Eco-Conversion Begins with Love of God, of Each Other, and of Creation

“The external deserts in the world are growing, because the internal deserts have become so vast” (Laudato Si’, 217, citing Benedict XVI)

Using words from Pope Emeritus Benedict’s first homily as pope in April of 2005, Pope Francis’s builds the argument in his encyclical, Laudato Si’, that each of us is called to an eco-conversion if we are going to address what is happening to the world around us. That world around us is the universe given to us by our Creator, the Creator who gave us life.

When we embrace this truth and encounter Jesus Christ as our true redeemer and the redeemer of everything that surrounds us, what springs forth is enough life and love to fill all the deserts, both internal and external.

Recognizing and acting on God’s call to attend to both internal and external deserts is one of the most powerful drivers for our own eco-conversion. It is also the driver of the work of Catholic Climate Covenant, an organization for which I serve as a U.S. Conference of Catholic Bishops-appointed member. 

Today I write to you to urge you to support the Covenant’s work because the deserts are growing, and we need your help, your conversion, your involvement.

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In the central Washington Diocese of Yakima where I serve, our community has been hit hard by devastating fires. And in a largely agricultural landscape, we have seen immigrant families who labor in our fields struggle to deal with all that has impacted them this year: COVID, loss of wages, and the effects of climate change.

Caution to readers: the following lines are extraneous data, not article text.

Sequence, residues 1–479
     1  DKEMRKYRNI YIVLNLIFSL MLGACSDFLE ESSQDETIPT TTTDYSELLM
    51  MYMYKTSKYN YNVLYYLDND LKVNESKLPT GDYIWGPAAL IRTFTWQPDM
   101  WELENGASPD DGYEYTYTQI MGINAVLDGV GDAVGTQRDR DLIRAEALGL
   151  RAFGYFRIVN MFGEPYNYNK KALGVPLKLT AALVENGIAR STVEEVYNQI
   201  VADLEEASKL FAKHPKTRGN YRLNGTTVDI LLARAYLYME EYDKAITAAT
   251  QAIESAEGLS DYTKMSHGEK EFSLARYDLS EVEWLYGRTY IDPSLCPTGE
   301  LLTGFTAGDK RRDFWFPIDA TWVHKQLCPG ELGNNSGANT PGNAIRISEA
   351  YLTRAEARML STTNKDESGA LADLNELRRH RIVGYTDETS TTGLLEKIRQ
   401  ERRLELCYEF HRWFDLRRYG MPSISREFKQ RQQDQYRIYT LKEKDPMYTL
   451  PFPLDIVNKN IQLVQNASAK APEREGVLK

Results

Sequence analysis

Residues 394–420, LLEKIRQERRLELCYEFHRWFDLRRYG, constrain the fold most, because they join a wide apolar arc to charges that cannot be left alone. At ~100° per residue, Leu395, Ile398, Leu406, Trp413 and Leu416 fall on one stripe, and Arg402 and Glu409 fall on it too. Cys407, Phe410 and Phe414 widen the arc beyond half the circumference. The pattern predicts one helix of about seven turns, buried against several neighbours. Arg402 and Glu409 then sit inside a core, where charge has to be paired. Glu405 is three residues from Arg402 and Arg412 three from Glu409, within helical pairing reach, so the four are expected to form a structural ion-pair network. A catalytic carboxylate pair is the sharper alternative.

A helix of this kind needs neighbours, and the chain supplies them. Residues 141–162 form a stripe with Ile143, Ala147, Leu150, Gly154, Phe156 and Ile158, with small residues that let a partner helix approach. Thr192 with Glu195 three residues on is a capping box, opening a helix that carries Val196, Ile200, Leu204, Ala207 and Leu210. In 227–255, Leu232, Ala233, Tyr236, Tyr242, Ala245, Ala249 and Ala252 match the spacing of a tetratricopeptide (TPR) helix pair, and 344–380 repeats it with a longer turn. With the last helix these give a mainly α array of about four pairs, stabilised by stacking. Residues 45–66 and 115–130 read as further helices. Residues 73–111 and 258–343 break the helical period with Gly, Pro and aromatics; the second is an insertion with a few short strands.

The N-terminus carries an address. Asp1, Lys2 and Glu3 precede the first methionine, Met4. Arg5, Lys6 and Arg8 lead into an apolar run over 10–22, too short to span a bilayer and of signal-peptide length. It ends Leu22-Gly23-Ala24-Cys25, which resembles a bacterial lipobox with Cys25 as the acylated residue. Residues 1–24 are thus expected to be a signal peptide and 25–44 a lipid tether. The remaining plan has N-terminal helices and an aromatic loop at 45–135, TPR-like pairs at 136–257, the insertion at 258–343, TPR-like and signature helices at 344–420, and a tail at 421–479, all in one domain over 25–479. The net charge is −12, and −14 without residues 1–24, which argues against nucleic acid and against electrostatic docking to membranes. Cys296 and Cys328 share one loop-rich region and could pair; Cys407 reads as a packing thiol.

Another reality is that these same families who suffer the most because of climate change often have the least amount of sway on the policies, decisions, and resources needed to combat it. Just as we sometimes mindlessly throw away plastic that pollutes our world, too often our society does not think of the fact that we throw away people.

God is calling on us to notice, to be mindful.

If we pay attention, the idea of integral ecology and our own faith tradition show us that everything is connected. Our actions are felt most immediately by families such as those in central Washington, the farmworkers who help put food on our tables but then go unnoticed.

For nearly 15 years, Catholic Climate Covenant has been urging all U.S. Catholics to notice, to see Jesus Christ in each other, to allow that to move us to interior conversion and then to respond in loving actions.

The Covenant provides Catholic individuals and organizations the resources, support, education and advocacy tools to protect Our Common Home through internal conversions and through united actions. Together, let us walk in solidarity with Creation and with people struggling for a better life. Let us make the deserts bloom.

I urge you to join me in supporting the Covenant’s work. 

Please DONATE now.

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Yours in Christ,

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Most Reverend Joseph J. Tyson
Bishop of the Diocese of Yakima
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